The Chicano Movement

1052 Words5 Pages
Large portions of group’s made up by minorities with a wide range of ethnicities started to arise by help of the civil rights movement from the early 1950’s through the 1990’s. These different type of groups advocated for appropriate education, uniform pay rates, to cease racism, and parallel rights for all citizens. The group of minorities brought attention to their problematic issues by participating in marches, protest and boycotts. For example, during March 1968 in East Los Angeles Chicano students protested for suitable educational facilities, the deficiencies in proper school supplies, and curriculum change to include Chicano history and culture. Another instance on how groups formulated by minorities obtained the public attention for…show more content…
The Chicano encountered a great deal of opposition with advocating for their movement, including internal conflict by the cause of infiltrators in the Chicano organizations. For instances, the Chicano movement from 1968-1971 in Los Angeles received massive attacks both physically and socially by the Los Angeles police department (LAPD). Such attacks consisted of the LAPD harassing, intimidating, and arresting individuals by using unnecessary force. To illustrate, in early March of 1970, students at Roosevelt High School located in East Los Angeles participated in a walkout to protest the educational policies. The LAPD reacted to the student walkout by using force to end the protest. Police officers began to beat protestors with nightsticks and drag high school girls by their hair across the school campus. The LAPD also participate in discrediting Chicano organizations by red-baiting which consisted of labeling Chicano organization as a form of…show more content…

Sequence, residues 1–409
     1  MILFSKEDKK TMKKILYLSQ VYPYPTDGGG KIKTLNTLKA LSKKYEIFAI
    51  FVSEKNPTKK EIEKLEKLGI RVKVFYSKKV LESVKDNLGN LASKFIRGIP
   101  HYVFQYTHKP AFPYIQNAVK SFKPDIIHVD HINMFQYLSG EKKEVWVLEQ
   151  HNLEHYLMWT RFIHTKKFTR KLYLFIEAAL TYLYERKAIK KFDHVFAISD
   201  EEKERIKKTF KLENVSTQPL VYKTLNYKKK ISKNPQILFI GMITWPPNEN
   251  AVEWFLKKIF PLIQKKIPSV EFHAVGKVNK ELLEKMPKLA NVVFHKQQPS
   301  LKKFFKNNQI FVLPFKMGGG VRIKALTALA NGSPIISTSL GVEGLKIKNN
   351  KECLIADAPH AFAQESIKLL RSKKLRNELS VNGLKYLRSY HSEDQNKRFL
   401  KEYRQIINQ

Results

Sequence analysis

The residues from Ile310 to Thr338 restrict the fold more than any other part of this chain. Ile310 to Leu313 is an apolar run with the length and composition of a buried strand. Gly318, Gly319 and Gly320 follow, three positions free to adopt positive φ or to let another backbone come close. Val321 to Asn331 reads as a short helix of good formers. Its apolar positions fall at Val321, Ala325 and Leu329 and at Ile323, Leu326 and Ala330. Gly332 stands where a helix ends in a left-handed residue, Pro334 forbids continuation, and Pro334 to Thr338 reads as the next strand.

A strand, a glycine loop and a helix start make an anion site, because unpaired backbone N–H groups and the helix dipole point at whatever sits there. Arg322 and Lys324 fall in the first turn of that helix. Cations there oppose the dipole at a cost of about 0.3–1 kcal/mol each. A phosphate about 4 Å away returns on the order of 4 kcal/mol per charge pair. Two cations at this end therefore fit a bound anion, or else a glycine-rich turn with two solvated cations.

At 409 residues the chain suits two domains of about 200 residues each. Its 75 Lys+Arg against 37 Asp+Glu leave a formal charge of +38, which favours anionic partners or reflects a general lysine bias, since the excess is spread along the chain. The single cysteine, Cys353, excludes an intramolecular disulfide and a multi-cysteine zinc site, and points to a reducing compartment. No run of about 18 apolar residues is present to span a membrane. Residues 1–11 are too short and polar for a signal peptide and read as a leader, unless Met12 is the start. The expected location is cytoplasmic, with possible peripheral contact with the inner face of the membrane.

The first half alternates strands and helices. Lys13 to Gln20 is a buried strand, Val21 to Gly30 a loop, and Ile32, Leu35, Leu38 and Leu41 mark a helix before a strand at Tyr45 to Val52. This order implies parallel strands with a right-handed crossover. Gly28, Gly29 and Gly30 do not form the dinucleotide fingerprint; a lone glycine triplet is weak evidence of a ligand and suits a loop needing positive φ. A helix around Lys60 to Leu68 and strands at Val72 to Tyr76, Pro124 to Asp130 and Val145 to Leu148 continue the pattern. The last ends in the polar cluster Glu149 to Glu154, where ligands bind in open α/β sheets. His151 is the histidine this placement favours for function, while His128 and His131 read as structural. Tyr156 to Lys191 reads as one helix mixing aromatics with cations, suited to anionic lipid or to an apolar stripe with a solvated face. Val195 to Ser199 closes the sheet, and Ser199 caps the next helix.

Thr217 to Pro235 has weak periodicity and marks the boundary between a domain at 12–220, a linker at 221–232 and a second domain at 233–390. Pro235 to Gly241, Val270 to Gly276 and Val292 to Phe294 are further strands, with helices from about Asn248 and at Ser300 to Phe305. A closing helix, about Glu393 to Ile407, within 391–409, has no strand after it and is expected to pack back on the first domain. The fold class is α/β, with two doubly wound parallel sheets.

Difficulties confronted by women during the civil rights movement consisted of the problematic issue of equivalent of leadership roles and balanced distribution of rights. Notably, African American women advocating for human rights confronted enmity with their male counterparts over management of their civil rights organizations. For instance, a majority of African American women acted as bridge leaders for their organizations. Bridge leaders operated as helpers aiding their social movement by informing communities about the motives such as, equal pay rate and educational environment. These Bridge leaders provide leadership as well as new followers. Although African women participated as officers and bridge leaders for their organizations, they had been marginalized to small roles or as informal leaders. Rarely did African American women operated the hierarchy of their movement. For example, members from MIA (Montgomery Improvement Association) organization like, Johnnie Carr agreed that women would not be able to be elected as president of the organization, but did have the option to become
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